I look forward to receiving further comments on this, if I am mistaken; though even if I am in terms of point (2), point (1) remains. So, the comments claiming consistency between 3.0 and 3.1LUXqed should be rephrased - any consistency cannot currently be claimed - and the discussion around Fig. 3.3 updated. Ideally reasons for this apparently genuine disagreement would be considered, but I appreciate at this stage this may not realistic.

Requested changes

As described above.

  • validity: good
  • significance: top
  • originality: good
  • clarity: high
  • formatting: excellent
  • grammar: excellent

Anonymous on 2018-05-24  [id 257]

(in reply to Report 3 on 2018-05-11)
answer to question
reply to objection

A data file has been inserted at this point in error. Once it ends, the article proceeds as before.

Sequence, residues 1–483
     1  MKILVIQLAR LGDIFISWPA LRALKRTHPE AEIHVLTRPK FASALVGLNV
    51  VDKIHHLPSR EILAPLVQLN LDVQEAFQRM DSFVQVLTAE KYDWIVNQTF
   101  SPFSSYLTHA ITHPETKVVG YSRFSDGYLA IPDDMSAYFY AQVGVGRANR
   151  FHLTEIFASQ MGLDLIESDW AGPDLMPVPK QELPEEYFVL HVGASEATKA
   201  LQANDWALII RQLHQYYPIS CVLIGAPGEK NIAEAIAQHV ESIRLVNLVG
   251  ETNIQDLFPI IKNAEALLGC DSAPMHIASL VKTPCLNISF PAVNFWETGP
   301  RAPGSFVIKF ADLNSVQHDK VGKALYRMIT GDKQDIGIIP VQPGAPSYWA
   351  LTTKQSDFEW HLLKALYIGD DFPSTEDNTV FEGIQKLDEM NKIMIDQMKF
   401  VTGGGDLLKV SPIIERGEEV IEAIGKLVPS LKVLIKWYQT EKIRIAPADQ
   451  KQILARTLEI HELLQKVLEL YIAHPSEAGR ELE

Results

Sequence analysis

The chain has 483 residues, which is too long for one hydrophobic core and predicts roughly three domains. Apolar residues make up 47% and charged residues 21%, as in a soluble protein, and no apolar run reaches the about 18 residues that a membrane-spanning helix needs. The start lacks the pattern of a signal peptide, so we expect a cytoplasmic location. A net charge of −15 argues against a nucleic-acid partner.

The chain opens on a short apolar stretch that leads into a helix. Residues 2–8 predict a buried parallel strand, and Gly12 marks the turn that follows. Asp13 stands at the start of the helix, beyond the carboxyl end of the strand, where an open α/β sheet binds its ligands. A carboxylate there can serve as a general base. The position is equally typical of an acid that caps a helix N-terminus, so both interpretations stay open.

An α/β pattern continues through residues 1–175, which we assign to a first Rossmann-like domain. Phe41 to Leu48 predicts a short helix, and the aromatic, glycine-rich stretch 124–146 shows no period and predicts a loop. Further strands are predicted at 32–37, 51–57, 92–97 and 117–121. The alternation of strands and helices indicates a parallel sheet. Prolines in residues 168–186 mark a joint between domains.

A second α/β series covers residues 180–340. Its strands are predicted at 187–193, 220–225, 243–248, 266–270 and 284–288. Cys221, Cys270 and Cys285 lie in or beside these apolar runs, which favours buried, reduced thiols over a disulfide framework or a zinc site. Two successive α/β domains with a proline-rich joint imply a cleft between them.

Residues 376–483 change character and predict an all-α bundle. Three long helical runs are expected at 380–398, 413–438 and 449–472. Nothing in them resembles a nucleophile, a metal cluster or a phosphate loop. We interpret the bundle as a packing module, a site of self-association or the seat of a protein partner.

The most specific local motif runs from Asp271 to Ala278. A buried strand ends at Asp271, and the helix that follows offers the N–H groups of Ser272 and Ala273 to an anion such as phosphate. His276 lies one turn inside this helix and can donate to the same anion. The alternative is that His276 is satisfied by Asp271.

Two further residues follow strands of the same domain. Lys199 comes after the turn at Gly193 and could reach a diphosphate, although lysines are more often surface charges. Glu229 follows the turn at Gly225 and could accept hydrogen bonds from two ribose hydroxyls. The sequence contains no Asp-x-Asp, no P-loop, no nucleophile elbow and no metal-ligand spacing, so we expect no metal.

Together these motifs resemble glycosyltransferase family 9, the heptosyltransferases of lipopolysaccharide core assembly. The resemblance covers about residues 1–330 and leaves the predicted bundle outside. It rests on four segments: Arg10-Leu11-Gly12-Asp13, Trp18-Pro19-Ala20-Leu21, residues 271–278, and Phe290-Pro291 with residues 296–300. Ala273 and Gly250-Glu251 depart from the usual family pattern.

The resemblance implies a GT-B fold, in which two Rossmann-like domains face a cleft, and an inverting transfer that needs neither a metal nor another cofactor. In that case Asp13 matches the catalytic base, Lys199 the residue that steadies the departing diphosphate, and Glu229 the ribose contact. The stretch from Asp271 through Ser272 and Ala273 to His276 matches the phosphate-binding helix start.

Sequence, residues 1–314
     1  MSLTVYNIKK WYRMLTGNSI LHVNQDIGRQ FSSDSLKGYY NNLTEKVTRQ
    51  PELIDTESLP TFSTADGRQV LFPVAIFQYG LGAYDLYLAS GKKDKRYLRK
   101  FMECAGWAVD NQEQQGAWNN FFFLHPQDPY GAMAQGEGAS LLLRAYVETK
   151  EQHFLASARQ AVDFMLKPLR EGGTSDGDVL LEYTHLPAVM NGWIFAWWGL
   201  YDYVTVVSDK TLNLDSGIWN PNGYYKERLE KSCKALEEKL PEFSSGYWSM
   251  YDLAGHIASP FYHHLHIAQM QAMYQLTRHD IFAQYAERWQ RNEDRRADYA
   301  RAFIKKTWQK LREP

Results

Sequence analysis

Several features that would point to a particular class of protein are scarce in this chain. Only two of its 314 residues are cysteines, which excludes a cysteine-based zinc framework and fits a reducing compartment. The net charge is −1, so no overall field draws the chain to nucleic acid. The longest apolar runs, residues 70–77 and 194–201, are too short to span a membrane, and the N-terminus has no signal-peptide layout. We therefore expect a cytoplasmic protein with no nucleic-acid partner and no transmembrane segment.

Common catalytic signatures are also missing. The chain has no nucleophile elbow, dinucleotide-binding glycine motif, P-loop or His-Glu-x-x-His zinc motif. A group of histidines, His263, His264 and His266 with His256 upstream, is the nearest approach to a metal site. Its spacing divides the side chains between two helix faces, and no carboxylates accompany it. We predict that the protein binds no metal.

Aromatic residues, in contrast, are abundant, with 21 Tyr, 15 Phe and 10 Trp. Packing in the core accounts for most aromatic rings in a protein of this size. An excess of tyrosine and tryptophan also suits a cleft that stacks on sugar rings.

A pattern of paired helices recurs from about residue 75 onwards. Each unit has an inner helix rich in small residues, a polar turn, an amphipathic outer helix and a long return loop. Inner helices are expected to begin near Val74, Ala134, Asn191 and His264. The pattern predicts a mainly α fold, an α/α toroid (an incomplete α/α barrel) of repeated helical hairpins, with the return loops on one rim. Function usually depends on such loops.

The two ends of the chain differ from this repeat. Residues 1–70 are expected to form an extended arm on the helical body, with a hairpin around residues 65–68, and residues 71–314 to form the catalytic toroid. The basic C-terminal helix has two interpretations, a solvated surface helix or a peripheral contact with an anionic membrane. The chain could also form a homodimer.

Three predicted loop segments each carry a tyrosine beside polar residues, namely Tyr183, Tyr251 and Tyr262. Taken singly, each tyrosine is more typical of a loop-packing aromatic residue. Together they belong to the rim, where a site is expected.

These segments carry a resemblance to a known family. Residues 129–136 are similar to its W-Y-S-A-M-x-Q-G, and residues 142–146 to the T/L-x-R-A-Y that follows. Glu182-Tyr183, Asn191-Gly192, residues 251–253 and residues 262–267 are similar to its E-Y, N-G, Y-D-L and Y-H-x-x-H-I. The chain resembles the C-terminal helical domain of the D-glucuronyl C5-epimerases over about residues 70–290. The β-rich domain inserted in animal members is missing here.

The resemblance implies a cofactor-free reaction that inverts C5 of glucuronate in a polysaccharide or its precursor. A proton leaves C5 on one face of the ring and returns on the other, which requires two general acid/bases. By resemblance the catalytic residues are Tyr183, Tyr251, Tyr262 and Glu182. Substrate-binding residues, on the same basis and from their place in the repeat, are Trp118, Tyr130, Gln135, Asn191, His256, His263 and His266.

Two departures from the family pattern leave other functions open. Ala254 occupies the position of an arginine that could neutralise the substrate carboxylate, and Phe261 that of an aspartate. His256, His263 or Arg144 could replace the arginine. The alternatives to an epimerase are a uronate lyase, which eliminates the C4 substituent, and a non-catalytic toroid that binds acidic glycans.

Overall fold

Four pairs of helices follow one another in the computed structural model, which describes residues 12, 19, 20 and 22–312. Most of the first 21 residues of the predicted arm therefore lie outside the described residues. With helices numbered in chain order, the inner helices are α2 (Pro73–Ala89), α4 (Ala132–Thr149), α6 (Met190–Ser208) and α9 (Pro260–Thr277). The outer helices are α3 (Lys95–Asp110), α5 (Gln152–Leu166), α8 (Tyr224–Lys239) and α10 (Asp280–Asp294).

First of all, we fully agree with the referee that we cannot really claim consistency between NNPDF3.0QED and NNPDF3.1LUXqed in the small-x region below roughly x=0.01. Irrespective of the reason, this is just an empirical fact that the two sets do not agree within the quoted uncertainties in this region. We have modified the text to reflect better this fact, which perhaps was not that clearly stated in the previous revision of the paper. We have also added a remark that for the region more relevant for LHC phenomenology, namely x > 0.01 (which roughly corresponds to Q > MZ), both sets agree indeed within uncertainties.